Pond Management FAQs
As president of Southeastern Pond Management Noman Latona has pretty much seen and heard it all when it comes to pond management FAQs.
SEPond services a large part of the Southeast and provides ecosystem analysis, management programs, pond construction, liming, fertilizing, fish inventory assessment, removal processes, stocking of forage and game fish, pond maintenance and more.
On a recent GDO Alabama Freshwater Fishing podcast we were able to ask Latona a couple of the most common questions sent to us by listeners.
Why are all the bass in my pond small?
Latona pointed out that if it is a new pond that is only one or two years old, the bass are small because they are not very mature. On the other hand, if it is an established pond that has been around for a while, the reason is most likely that the pond is “predator crowded”.
In other words, there are too many hungry fish and not enough or not big enough food for them to all eat to grow. They have exceeded the “carrying capacity” of the pond to grow large fish.
“What happens is that every year the bass spawn and multiply and a new crop of bass comes out and this just adds to the overall number. They grow fairly well until they are six, eight or up to10 inches in size,” Latona explained. “Typically, these ponds are full of bluegill and they spawn like crazy, every 30 days or so and they supply an ample supply of fry for the bass to eat until they transition to a size where they need larger forage to continue to grow.”
The reality is that in predator crowded lakes the bass, which are voracious feeders, eat all the big stuff and then are forced to eat the little fish which doesn’t really do much to stimulate growth so the fish adapt to a leaner environment.
“The bass don’t know that they are supposed to weigh two pounds when they are about a year old or five pounds at two or three years,” Latona said. They adapt to whatever conditions are present in terms of foraging.”
Bass respond to this scenario by becoming semi dormant. They will seek out the coolest, quietest water where they can duck under cover and just wait for something to swim in front of their mouths. They are not actively searching for food since it is inefficient and a waste of energy.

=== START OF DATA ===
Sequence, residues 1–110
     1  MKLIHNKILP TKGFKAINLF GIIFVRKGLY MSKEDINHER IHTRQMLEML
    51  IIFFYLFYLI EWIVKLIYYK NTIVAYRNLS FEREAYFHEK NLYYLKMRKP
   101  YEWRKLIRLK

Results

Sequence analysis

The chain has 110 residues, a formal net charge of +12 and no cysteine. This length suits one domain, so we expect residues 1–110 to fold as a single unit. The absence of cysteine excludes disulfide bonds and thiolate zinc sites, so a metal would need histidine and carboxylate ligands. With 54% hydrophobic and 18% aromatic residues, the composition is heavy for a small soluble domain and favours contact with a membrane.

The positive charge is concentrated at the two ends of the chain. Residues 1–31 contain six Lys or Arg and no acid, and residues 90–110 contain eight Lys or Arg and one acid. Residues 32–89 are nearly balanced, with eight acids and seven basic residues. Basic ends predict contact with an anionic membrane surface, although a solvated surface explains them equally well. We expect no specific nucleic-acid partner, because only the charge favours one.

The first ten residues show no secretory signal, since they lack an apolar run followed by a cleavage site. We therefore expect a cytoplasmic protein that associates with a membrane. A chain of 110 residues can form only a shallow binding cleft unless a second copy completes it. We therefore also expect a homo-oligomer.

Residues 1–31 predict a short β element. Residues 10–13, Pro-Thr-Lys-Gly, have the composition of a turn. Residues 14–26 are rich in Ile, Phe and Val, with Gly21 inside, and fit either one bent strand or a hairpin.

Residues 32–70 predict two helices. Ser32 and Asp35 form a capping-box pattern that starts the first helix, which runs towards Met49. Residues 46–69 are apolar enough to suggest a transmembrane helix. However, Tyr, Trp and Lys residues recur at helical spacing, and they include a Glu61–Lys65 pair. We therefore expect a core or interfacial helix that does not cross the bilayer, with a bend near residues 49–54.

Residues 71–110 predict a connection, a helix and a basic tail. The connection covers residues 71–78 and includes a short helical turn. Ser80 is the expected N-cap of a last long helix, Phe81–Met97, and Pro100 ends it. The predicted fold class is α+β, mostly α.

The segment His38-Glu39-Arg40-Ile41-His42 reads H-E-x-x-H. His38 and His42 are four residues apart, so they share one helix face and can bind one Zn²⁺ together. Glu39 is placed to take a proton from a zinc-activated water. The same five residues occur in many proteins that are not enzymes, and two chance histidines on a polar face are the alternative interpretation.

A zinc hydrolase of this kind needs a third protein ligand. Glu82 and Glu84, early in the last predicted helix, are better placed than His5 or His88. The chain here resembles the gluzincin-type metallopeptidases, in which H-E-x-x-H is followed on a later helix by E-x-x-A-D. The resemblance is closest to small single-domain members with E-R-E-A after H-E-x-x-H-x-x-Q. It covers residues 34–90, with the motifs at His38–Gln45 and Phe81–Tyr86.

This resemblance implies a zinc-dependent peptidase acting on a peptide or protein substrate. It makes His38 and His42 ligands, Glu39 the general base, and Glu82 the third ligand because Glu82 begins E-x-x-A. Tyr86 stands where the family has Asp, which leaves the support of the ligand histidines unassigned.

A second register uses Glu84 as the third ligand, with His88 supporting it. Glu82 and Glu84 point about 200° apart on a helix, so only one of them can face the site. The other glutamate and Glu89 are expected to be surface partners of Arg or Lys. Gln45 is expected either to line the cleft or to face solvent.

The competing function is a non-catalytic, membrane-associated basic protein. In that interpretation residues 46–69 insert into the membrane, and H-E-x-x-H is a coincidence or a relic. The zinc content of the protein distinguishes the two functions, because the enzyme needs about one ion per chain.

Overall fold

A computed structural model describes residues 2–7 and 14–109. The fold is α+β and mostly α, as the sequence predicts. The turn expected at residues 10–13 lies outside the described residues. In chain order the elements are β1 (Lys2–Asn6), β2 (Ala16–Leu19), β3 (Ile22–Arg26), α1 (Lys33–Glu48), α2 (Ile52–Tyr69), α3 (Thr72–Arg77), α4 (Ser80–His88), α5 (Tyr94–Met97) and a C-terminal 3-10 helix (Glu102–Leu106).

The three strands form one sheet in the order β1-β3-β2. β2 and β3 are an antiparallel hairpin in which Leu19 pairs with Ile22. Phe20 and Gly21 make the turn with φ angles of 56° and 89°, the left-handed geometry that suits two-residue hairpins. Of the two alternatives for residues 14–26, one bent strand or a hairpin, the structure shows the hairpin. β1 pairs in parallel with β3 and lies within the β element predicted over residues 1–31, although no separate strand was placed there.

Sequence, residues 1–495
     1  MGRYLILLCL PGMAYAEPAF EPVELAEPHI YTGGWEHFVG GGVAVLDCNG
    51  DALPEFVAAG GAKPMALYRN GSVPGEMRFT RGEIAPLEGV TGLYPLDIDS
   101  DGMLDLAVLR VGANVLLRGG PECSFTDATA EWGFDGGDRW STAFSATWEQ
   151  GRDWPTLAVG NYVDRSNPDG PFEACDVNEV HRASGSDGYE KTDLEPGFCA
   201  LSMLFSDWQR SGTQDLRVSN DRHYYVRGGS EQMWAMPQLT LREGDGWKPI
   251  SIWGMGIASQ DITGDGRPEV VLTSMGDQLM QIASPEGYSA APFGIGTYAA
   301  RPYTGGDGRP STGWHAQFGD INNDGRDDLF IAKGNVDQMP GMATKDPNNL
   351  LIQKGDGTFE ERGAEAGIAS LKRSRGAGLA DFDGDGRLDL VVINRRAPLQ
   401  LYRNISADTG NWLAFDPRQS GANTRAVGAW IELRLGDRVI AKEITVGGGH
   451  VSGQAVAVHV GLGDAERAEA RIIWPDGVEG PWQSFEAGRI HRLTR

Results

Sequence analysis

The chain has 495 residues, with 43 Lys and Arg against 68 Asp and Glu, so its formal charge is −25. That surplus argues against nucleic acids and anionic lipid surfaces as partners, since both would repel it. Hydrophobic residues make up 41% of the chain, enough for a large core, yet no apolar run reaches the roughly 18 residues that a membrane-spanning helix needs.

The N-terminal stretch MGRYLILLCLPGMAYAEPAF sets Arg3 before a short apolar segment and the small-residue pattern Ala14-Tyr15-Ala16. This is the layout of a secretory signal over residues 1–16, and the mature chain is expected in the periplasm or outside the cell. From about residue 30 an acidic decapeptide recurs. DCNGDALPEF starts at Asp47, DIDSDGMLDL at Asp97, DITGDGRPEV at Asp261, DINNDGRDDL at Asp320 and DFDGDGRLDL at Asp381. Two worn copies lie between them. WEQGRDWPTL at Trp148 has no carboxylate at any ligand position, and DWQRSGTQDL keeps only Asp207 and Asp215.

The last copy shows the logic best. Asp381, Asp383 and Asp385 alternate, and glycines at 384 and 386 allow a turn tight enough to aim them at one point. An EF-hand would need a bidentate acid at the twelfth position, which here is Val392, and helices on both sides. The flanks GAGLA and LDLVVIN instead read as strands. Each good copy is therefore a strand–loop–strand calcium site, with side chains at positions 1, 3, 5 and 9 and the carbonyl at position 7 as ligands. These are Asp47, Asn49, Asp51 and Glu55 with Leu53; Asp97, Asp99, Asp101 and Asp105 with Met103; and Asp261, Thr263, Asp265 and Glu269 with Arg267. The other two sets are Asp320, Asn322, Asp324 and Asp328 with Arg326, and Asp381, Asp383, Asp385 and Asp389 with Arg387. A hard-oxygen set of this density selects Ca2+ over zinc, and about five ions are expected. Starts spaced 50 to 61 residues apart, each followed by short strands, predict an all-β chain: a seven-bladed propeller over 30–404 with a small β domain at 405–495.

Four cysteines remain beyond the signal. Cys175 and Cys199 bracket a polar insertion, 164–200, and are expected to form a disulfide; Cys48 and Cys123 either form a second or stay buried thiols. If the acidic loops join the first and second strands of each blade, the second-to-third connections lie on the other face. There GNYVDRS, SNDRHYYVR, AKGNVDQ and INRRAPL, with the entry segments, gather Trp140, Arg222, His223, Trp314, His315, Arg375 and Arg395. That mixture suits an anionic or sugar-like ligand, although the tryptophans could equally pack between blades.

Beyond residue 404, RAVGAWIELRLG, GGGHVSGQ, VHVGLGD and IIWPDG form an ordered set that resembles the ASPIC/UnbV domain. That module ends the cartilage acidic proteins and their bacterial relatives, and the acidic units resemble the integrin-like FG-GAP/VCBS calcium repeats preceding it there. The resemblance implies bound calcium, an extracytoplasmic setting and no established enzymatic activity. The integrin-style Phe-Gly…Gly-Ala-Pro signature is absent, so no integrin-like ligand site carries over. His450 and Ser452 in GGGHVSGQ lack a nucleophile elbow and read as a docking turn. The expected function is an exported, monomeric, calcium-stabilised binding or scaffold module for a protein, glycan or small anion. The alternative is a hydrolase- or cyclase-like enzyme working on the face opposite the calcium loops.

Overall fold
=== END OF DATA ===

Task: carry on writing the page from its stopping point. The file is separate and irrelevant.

So, it seems logical to think that if these fish are in a “starvation/survival mode” but are hungry why don’t they hit every bait or lure you throw out to them? You would think they would attack anything that resembles a decent meal.
According to Latona, when bass adapt to an environment with a limited amount of food they have changed and adapted their behavior. They might not eat much of anything for days or even weeks and just shut down to a point and that makes catching fish in predator crowded lakes actually harder than in a balanced pond, even though there are more fish.
Even if there are forage fish in the pond, that forage needs to be of a size that will provide the nutrition to help grow a respectable bass. While bluegill fry may be wonderful for two- or three-inch bass, it is like popcorn for larger fish and just isn’t worth the time or effort and certainly isn’t going to sustain any sort of real growth rate.
Latona said it is the same as if you put a bowl or rice at the end of your driveway and then run down from the garage to the bowl of rice and eat one grain and then run back to your garage. If you keep repeating that you are just wearing yourself out and certainly not beefing up.
“They are not putting their mouth on something that benefits them beyond the energy it took to catch it,” Latona said.